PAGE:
By Mark McConville
PUNK is most often associated with anarchy but rare pictures have revealed unifying power of punk culture to bring together those from both sides of the conflict during the Troubles in Northern Ireland.
Rather than attempted to destroy society as the 1980s anarchists are usually portrayed, stunning images show Catholic and Protestant punks overcoming the problems of their community by mixing amicably and enjoying themselves at a Belfast youth and community centre, appropriately called “the Warzone Centre”.
The intimate snaps show punks drinking outside the venue, enjoying live performances from different bands and even embracing children into the fun.
The spectacular shots are showcased in a new book, Belfast Punk, by Ricky Adam (42) from Bangor in Northern Ireland. The book is published by Damiani.
“Basically, all of the photos in the book revolve around a youth and community centre in the city of Belfast called the ‘Warzone Centre’ between 1997 to 2003,” he said.
“It was an all ages venue that originally opened in 1986 and was run by punks and somehow bulldozed its way through a large period of the troubles with a collective ‘fuck you’ to anything that resembled violence or the so called ‘religious war’.
“It was a free-thinking space that challenged convention and offered people a chance to create and present their own ideas, voice opinions and make real change that went far beyond the confines of the centre.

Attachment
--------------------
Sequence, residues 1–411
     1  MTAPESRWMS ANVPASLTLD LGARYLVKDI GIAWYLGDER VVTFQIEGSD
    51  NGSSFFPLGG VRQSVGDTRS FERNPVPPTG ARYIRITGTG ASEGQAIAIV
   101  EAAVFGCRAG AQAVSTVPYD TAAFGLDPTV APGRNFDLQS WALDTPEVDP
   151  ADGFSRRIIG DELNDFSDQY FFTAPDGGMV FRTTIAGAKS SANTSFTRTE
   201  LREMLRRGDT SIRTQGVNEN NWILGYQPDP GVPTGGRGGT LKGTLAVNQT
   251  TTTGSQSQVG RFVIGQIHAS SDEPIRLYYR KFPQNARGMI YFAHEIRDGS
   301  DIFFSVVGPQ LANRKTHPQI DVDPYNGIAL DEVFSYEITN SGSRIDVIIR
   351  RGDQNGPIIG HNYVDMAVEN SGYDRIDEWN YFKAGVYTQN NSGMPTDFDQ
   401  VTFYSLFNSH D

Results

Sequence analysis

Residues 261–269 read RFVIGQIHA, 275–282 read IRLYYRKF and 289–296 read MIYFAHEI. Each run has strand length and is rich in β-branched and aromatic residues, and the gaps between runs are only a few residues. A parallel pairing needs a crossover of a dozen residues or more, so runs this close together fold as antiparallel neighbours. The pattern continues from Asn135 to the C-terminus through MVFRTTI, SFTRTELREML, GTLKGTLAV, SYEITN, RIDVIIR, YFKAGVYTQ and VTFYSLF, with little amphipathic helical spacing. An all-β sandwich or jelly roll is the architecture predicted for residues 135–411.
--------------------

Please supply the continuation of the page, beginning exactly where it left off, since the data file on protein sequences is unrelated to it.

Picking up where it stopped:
“Over the years, it became infamous as being one of the most credible venues in Europe for D.I.Y. punk.
“At the time, I just snapped photos here and there without any real intention. I was more into drumming in bands really than taking photos, and in hindsight I wish I’d taken more.
“But in some respect, I really like the naiveté that comes through in the pictures. Over the years, I continued to take photos which twenty years later resulted in the ‘Belfast Punk’ book.”
Mr Adam believes we need the power of punk now more than ever.
“Punk inevitably means different things to different people,” he said.
“It’s a very difficult thing to define these days. Personally, I think punk is more vital now than it has been in a long time. Between Trump, Brexit and everything else that’s going rotten around the globe there’s a sour reek.
“Young people have a sense of empowerment and are resisting in a way we haven’t seen for a long time. It’s palpable, and they have good reason to be pissed off.
“Back when punk shed it’s gimmicky, commercial high street appeal bands such as Crass, Fugazi, Conflict, to name but a few, gave punk a political outlook. Punk is so much more than kids with funny haircuts & studded jackets. It is direct action & it can make change happen.”
The book is available to buy now on Amazon.